The meeting aims to "reinforce Anglo-African partnerships to create jobs and growth, support British and African talent in sectors such as finance and technology and promote female entrepreneurship", says the executive, in a statement.
This is the second summit of this type, after a first edition in 2020, followed by two conferences in 2021 and 2022, held virtually due to travel restrictions related to the covid-19 pandemic.
The President of Mozambique, Filipe Nyusi, attended the first edition, in London, but his Angolan counterpart, João Lourenço, unexpectedly canceled his trip, having been represented by the Minister of State for Economic Coordination, Manuel Nunes Júnior.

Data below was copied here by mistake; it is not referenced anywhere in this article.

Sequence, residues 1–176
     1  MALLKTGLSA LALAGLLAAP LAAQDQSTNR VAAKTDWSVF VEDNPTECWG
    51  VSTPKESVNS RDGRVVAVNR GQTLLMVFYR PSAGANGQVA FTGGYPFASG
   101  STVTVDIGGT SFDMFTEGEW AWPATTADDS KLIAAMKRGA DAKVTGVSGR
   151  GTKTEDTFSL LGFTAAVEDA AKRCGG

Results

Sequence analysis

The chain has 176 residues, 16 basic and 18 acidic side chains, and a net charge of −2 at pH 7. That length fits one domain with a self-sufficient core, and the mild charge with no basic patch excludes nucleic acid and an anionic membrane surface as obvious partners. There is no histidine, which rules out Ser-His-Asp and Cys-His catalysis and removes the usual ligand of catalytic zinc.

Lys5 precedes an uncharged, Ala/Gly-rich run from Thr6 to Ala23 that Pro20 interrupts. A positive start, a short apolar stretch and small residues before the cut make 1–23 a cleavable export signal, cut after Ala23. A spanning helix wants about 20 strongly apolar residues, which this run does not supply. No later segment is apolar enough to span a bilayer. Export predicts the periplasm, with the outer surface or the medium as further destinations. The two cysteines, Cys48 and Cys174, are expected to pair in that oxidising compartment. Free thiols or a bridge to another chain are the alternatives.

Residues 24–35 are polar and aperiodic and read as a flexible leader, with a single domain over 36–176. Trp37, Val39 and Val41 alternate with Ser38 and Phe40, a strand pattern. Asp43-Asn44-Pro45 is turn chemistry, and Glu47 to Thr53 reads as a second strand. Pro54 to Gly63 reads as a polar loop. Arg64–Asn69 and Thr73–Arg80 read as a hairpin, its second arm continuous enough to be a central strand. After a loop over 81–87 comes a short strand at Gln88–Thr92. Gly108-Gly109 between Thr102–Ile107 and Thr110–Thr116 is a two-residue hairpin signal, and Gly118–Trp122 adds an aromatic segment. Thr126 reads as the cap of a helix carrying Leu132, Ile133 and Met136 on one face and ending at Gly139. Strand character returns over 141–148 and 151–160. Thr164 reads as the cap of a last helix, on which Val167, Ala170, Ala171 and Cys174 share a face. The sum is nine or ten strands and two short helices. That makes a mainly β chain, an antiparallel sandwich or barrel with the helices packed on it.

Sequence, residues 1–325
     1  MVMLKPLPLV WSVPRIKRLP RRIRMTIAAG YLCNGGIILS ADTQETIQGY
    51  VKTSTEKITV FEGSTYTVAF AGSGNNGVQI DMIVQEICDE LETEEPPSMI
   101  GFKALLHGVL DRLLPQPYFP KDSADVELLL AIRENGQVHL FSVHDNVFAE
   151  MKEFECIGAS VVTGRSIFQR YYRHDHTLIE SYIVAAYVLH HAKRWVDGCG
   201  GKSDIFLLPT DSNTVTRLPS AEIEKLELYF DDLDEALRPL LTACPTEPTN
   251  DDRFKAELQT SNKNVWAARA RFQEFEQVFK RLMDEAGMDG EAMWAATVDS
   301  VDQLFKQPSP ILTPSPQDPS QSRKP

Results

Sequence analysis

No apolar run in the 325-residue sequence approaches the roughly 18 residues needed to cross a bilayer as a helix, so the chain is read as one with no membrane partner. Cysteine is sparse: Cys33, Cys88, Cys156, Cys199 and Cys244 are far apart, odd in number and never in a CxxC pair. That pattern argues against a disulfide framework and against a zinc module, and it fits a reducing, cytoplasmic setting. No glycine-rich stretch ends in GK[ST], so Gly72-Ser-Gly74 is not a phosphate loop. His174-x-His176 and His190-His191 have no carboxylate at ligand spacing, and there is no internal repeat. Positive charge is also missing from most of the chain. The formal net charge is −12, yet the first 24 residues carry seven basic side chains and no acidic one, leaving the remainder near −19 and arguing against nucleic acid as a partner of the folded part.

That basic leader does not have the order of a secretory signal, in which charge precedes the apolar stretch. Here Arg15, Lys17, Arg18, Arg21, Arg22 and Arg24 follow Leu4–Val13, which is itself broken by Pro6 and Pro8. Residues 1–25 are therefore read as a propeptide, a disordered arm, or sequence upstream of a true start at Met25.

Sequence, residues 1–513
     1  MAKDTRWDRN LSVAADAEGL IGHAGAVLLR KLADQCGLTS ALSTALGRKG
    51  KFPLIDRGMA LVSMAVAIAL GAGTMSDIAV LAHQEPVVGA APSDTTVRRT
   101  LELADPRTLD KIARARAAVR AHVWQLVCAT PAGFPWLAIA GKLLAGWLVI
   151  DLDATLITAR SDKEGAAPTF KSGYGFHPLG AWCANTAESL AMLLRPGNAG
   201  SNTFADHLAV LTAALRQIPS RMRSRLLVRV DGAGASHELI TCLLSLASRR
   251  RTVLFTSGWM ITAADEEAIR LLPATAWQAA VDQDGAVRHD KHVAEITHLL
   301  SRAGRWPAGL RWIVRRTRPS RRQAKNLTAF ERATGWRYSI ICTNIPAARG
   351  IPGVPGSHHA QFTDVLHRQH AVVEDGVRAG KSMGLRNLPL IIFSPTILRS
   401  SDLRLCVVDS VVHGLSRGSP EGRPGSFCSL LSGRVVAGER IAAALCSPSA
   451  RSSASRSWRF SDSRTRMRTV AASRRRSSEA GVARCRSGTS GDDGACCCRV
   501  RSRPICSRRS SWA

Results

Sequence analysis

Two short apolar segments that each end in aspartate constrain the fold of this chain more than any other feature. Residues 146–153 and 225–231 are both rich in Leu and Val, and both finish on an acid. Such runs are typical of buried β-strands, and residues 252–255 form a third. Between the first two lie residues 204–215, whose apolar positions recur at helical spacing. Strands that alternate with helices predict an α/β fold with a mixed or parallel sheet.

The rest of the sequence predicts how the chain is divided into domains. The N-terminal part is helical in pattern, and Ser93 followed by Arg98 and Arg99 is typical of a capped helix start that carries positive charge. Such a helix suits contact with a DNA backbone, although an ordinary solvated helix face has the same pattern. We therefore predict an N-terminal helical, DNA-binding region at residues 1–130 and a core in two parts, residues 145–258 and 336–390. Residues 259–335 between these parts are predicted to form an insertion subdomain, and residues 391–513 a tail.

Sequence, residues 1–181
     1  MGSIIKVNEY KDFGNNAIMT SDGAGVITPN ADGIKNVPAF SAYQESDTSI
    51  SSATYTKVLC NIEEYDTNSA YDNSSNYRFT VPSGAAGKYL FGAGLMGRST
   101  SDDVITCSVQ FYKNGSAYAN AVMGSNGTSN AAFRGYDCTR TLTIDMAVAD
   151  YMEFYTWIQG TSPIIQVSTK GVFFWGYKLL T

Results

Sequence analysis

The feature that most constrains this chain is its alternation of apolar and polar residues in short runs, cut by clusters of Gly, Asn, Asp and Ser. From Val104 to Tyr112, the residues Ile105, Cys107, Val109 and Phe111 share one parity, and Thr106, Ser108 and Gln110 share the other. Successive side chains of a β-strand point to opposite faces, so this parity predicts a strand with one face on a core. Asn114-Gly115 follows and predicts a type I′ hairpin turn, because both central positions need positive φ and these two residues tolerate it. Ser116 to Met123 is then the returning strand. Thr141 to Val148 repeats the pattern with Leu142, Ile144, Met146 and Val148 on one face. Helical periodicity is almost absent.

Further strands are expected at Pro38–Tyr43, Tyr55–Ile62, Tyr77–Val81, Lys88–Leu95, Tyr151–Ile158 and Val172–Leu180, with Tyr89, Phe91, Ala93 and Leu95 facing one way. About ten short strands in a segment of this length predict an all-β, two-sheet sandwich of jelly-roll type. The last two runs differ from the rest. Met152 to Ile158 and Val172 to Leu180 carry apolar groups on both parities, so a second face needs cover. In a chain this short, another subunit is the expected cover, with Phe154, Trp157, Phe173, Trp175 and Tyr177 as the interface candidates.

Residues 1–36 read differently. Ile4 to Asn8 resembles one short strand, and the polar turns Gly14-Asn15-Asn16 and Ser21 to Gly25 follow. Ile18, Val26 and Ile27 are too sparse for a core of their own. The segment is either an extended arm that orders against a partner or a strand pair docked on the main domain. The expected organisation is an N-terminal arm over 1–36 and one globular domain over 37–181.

The British Government estimates that the summit in 2020 enabled agreements worth more than 6,500 million pounds and investment commitments of 8,900 million pounds.
Among the British companies that did business, he highlighted Matalan, with an investment of 25 million pounds to launch 11 new points of sale in Egypt, and Diageo, which invested 167 million pounds in breweries in Kenya and East Africa.
The UK wants to seize the opportunities created by the expected high economic growth in sub-Saharan Africa over the next two years, including in the development of renewable energy.
"To grow the British economy, create opportunities for growth and boost our economic security, we must deepen our ties with partners across the world," British Prime Minister Rishi Sunak said in a statement.
The Conservative leader adds that this summit "will ensure that we can harness the potential of our relationships in Africa and grow our economies, making them stronger, more resilient and innovative".